Kamichu opens with a very low-key bang, with a conversation over lunch between junior high school student Yurie and her best friend:
"Mitsue, I became a god."
“A god of what?”
“I don’t know yet. I just became one last night.”
The joy of this show isn’t in the plot, which is barely there. Equal parts Yurie’s attempts to figure out what kind of a god she is and Yurie’s attempts to get a little notice from her classmate Kenji, the plot is really just an excuse to walk through a world just a little bit different from ours. What drives the show is the lush artwork and the attention to detail throughout. Every object in Yurie’s town has a patron spirit, and their designs show family resemblances and body types appropriate to their responsibilities. The scenery lovingly recreates the the town of Onomichi and serves as a gorgeous backdrop for a charming slice of life story that has its supernatural side almost as an afterthought. Much of the show’s charm lies in the little diversions it takes along the way. The conversation among the gods of Laserdisc, VHD, and Select-O-Vision in Episode 2 is an excellent example: it gives a peek into the lives of the gods, pushes the episode’s plot along, and ties Kamichu’s universe closer to ours by showing that they share a little bit of history.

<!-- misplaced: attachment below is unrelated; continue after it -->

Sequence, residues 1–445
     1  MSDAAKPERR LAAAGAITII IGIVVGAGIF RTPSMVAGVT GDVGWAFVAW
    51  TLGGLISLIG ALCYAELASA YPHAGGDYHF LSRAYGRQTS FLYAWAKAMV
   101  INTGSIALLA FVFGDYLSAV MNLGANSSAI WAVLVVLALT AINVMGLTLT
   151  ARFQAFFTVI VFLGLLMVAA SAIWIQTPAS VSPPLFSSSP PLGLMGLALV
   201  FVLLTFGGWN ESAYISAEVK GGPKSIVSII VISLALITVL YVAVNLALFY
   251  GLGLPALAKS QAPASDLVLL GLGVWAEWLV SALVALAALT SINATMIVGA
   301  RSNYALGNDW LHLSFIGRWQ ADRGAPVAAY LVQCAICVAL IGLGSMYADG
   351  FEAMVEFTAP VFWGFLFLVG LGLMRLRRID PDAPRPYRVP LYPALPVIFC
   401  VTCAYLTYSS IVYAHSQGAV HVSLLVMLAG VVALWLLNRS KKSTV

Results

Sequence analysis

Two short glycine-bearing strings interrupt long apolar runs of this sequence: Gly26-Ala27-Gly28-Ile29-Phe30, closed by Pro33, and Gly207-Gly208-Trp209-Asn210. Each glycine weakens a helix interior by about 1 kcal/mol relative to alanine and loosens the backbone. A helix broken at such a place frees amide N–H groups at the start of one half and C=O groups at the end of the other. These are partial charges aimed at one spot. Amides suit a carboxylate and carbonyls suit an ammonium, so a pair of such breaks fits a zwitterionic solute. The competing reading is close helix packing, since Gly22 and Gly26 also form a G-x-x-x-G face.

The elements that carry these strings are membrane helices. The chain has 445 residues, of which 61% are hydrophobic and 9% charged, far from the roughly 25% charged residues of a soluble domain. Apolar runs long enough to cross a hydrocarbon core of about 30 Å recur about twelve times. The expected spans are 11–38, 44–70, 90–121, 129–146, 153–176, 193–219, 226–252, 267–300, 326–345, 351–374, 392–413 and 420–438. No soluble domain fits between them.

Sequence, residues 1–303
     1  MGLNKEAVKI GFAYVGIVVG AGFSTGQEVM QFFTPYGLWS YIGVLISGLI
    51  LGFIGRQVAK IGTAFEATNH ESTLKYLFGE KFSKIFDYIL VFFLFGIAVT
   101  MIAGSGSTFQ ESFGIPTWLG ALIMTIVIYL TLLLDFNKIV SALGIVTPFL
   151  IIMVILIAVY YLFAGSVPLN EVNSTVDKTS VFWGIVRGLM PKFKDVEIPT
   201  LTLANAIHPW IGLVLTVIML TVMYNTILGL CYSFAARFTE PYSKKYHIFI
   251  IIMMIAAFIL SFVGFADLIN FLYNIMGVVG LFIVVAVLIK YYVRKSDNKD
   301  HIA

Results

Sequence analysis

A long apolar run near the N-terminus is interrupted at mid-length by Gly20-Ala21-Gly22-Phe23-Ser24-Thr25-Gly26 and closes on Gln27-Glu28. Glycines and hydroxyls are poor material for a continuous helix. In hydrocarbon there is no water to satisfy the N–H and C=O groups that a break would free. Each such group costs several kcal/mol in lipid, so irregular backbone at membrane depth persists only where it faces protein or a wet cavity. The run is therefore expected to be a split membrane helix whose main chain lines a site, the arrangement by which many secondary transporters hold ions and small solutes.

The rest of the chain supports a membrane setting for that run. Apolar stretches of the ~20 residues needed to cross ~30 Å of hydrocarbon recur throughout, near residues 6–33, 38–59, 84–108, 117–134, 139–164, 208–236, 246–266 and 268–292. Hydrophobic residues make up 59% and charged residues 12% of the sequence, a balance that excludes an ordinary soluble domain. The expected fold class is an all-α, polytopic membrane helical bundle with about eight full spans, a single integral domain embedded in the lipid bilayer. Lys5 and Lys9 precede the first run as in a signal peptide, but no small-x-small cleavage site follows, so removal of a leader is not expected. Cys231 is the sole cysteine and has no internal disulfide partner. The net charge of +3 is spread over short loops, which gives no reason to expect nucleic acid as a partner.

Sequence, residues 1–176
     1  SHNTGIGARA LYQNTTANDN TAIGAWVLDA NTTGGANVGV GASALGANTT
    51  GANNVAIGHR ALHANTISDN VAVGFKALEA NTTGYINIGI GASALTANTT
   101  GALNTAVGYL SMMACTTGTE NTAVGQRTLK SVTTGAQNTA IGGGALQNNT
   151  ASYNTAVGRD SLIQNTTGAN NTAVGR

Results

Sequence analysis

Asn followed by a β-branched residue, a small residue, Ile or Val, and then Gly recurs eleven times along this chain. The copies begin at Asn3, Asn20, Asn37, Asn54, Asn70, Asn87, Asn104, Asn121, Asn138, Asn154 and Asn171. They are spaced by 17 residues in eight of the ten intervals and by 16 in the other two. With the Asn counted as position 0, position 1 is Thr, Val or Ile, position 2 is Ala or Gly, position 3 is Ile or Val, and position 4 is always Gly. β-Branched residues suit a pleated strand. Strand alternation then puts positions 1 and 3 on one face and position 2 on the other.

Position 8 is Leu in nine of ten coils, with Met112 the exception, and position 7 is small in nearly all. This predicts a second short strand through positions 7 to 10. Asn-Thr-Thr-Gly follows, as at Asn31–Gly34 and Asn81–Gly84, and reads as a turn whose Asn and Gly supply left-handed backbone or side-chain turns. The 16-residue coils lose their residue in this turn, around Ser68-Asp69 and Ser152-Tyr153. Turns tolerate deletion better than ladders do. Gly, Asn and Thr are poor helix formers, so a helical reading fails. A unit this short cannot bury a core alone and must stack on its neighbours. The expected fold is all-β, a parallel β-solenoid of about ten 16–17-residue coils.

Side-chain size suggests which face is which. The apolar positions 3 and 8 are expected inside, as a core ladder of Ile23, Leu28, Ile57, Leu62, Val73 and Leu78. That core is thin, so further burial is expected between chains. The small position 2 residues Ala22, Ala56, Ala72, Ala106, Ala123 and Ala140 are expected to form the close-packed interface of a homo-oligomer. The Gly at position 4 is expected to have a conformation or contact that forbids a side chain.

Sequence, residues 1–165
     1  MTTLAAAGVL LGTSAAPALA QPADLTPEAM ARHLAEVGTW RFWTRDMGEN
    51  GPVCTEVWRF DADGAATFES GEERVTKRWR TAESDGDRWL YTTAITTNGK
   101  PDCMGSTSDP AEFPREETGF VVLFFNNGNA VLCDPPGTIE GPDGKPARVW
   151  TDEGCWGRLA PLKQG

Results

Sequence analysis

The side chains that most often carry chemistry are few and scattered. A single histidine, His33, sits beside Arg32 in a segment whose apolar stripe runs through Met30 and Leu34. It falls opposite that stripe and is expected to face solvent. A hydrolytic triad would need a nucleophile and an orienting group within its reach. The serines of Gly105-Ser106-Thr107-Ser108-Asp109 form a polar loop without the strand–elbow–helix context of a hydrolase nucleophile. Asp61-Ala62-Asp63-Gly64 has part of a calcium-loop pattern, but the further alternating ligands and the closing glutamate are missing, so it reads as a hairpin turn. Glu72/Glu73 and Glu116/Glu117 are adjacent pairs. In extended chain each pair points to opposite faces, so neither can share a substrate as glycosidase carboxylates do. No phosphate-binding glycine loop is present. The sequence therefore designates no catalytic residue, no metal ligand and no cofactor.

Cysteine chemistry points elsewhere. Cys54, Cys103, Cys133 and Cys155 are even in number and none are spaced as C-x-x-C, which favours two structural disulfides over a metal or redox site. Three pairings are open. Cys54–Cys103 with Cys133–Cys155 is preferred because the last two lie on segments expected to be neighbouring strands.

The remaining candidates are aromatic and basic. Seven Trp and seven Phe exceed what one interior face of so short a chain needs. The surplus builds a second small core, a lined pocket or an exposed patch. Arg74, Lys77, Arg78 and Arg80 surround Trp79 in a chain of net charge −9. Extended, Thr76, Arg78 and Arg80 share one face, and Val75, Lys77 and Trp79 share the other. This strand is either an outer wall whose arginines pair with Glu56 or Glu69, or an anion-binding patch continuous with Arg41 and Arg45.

The episodes wander along with no immediate connections. Yurie gathers friends and supporters, encounters aliens and spirits, and slowly gains experience with her power, but it’s only in retrospect that you see her growth. As encounters accumulate, Mitsue’s repeated complaint that “Nothing interesting ever happens to me” evolves from an expression of boredom into a prayer for a return to a quieter time. In the end, Yurie’s relationship with Kenji has progressed and she has some sense of her powers, but that’s almost beside the point. This is one case where the point is the journey, not the destination.
Several reviewers have drawn parallels to Miyazaki’s films, and there’s some truth there. Certainly the art could almost be mistaken for something from Studio Ghibli, and there parallels in the town’s casual acceptance of Yurie as a god and the way science and magic are intermingled. But that’s superficial, and similar comparisons could be drawn to many other shows (Mushishi and Natsume Yuujinchou spring to mind immediately). Kamichu is, in the end, its own reality. Take a little vacation, follow where it leads, and watch for the little side trips.
One final note: In preparing this review, I checked Amazon to see Kamichu was still available. It is, surprisingly enough for a show released back in 2006 by a company that’s no longer in business. But much to my surprise, the box set sells for upwards of $250 new. I suspect you’re paying for the seller’s storage costs to keep the boxes intact over the last 7 years. I’d strongly suggest that you go for a used copy or single discs. If you’re interested, try this link. (Full disclosure: this is an Amazon Affiliate link. If you click through this link to Amazon and then buy anything, I get a small cut of the cost.)